Glenn Wilson’s “Timely” is a live recording taken from two gigs during 2012 at Havana Nights Jazz Club in Virginia Beach. Not that you would immediately realise this until you hear the applause half way through the first track; the sound recording is that good. Excellent quality, although one could perhaps argue it loses some of the ambience and vibe that a live recording sometimes gives. Maybe you can’t have your cake and eat it.
Glenn Wilson is a baritone saxophonist with decades of experience, having performed with Buddy Rich, Lionel Hampton, Tito Puente and Bob Belden, to name but a few. And it shows; his quintet breeze through compositions by such masters as Wayne Shorter, Pepper Adams, Larry Willis and Bob Dorough. Wilson’s quintet on “Timely” is made up of the main man himself on baritone sax, John D’Earth on trumpet, John Toomey on piano, Jimmy Masters on bass and Tony Martucci on drums. Full respect is given to the compositions as this consummate five-piece inject their own personality into the music with a performance that is solid and skilful throughout. There are some excellent solos from both horn players and an obvious connection between the two, their harmonies working particularly well together with a seasoned ease that many would struggle to find. Wilson makes the point: “John and I have such a great rapport and hear the music so similarly that when we improvise together, compositions are created that have never existed before and will never be heard again. That journey to unknown destinations is what makes the music so fresh and unrepeatable. It’s what real jazz is all about.” The rhythm section drives and swings in an infectious manner and you can’t help but tap your feet and nod your head in time as you listen appreciatively along. It’s a pleasure to hear a rhythm section so on top of their game as they are here. All the tunes are accessible and even some of the edgier soloing is probably still within most listener’s comfort zone.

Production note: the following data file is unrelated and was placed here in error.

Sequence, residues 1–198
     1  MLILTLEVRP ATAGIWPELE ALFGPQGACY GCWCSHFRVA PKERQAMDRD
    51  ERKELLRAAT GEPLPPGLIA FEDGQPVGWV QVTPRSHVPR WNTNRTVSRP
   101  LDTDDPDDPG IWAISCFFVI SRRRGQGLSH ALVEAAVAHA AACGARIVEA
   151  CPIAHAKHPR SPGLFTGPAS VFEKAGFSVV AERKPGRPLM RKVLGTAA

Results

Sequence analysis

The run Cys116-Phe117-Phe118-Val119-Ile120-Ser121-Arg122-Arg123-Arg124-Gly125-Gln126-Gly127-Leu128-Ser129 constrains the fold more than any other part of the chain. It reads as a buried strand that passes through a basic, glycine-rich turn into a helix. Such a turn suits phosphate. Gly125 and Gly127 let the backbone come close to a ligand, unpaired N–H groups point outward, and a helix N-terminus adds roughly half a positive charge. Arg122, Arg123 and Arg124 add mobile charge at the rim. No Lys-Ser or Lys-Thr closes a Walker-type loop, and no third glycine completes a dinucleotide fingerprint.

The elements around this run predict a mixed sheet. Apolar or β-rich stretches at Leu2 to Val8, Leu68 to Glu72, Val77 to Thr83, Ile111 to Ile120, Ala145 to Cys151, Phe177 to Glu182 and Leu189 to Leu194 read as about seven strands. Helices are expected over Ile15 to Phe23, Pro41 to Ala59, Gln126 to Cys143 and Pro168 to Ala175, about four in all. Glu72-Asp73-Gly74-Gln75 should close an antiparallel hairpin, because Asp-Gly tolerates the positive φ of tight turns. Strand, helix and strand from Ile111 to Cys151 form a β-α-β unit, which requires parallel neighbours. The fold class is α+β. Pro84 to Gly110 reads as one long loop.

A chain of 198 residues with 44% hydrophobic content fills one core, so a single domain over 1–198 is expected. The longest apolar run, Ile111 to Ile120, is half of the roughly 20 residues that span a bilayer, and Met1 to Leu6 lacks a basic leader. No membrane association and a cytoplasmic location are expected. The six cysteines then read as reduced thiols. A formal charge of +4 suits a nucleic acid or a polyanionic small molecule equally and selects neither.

Standout tracks for me include Bob Belden’s “Fat Beat” which provides a great platform for the two horn players, along with an entertaining solo from pianist John Toomey. There’s some adventurous sax and trumpet interplay on Wayne Shorter’s excellent “Sightseeing”, and on “Diabolique II” Wilson and D’Earth create a good example of what the band leader calls an “improvised composition”. “To wisdom the prize” showcases the band well as a unit, each member playing their part very effectively. The title track embodies the spirit of what this album’s all about; a great jazz tune performed by some great musicians all sounding as if they’re having a good time.
Over all, “Timely” is a very well executed and likeable album showcasing jazz musicians breathing life and nostalgia into tunes from an almost bygone era. Gone but still very alive thanks to albums like this. As the middle aged man in a family currently spanning three generations, I would say “yeah, nice jazz”, my son would say “Dad, it’s just Sunday afternoon jazz”, and my dad would say “Son, this is proper jazz, it swings!”